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Saturday, April 12, 2008

Strange logic to fix Microsoft's security problem - by annoying the users

When Vista was first released, Apple poked fun at Windows Vista for annoying the PC users with a humorous yet deadly accurate commercial. The sad part is that the message conveyed by Apple turns out to be 100% spot on and has now been admitted publicly by Microsoft's Product Unit Manager, David Cross in a presentation in the RSA Conference that they "put UAC into the (Vista) platform was to annoy users--I'm serious"

This has to be one of the most stupid act I have seen as a long term Windows developer to annoy the user to get the developers to change "the ISV ecosystem; applications are getting more secure. This was our target--to change the ecosystem." Microsoft produces SDK, tools and the Operating System and you should use those tools to change the ecosystem.

There are two statements from David Cross in this report that need a thorough analysis:
  1. Most users had administrator privileges on previous Windows systems and most applications needed administrator privileges to install or run.
  2. "We needed to change the ecosystem," said Cross. "UAC is changing the ISV ecosystem; applications are getting more secure. This was our target--to change the ecosystem"
Mr Cross has shown poor comprehension of figures in his rebuttal that "a myth that users blindly accept prompts without reading them."

Anyone with elementary arithematics will tell you that "Seven percent of all prompts are canceled. Users are not just saying 'yes.'" is another words of saying 93% of all prompts are NOT canceled. Then that user must be saying 'yes'. Hence "It's a myth that users click 'yes,' 'yes,' 'yes,' 'yes,'" is not a myth as substantiated (93% says 'yes') by his own research with opt-in users. With that level of intelligence it is not hard to understand why they had to annoy users rather than using innovative and technically brilliant ways to fix their problem.

Has he ever heard of using tool and assistance as the way to change them? What about changing Microsoft's own practice, which encourages that ecosystem in the first place, since Windows NT 3.1. Sadly, the same practice still persists in Vista. Now I will come to analysis the above statements.

In relation to the first statement, "Most users had administrator privileges on previous Windows systems" and I wonder whose fault is that?

Ever since Windows NT 3.1 was released, it had a security model, albeit not a very tightly enforced one. The separation of privilege account, such as Administrator, and lower privilege ones, now fashionably called Standard User account, existed.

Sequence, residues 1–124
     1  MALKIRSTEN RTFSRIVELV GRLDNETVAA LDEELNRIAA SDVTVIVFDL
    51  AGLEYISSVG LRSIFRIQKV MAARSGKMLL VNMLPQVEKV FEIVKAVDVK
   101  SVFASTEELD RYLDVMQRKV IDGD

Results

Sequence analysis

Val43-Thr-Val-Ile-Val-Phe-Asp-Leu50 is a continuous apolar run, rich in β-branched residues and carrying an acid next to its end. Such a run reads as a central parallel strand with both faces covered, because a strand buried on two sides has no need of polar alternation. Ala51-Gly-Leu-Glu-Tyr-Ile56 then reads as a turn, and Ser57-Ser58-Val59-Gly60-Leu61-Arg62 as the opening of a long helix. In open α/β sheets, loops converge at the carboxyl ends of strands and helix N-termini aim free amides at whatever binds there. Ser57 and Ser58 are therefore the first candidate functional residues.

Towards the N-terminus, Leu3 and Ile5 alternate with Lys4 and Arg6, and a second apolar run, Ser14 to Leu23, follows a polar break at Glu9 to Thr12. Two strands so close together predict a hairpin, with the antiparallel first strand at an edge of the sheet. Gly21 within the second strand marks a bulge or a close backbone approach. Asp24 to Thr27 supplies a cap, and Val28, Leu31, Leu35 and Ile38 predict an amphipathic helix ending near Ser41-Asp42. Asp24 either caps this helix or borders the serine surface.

Microsoft has never, even till today, followed what Linux and Unix, do in which Windows NT should never make the user a member of Administrator to maintain a clear separation. In NT, it up to you to create additional users and many could not bother. Hence most people just lives in the Administrator's account forever. This breeds the bad habit, that Mr Cross now finds objectionable, that has been encouraged by Microsoft in succession of Windows, even in Vista.

Microsoft should force the creation of an ordinary User's account and this should be the account user uses. Sure, they need the administrator's account to install and that's difficult to avoid. But at least they should never encourage such a bad practice in the first place. I must confess that I was a great defender of this rather silly and dangerous practice for a long time, until I read Keith Brown's message, which opened my eyes and changed my attitude and practices.

I have had lively discussion with developers and ISV in relation to adopting this good practice to ensure one's code demands the least amount of privilege and that one should be aware of the security model. The results of some of those discussions have been published in this blog.

The tightening up of the Windows Security Model was first introduced in Windows 2000, with beta version years ahead of year 2000. Windows 2000 is already obsolete and over those years, Microsoft has not provided any tools to help ISV to track down those violations. Many are oblivious violations have been committed because they are running in administrator's account. Microsoft Visual Basic 6 is a classic example where it will not run properly in LUA (Lease-Privilege User Account); it needs administrative rights to run. Microsoft provides SDK, Resource Kits and various developer's tools to enable people to write Windows programs. Microsoft could easily provide diagnostic and debugging tools or add support into their premium development tool, the Visual Studio, to help ISV and developers. Yet not one single effort has been released.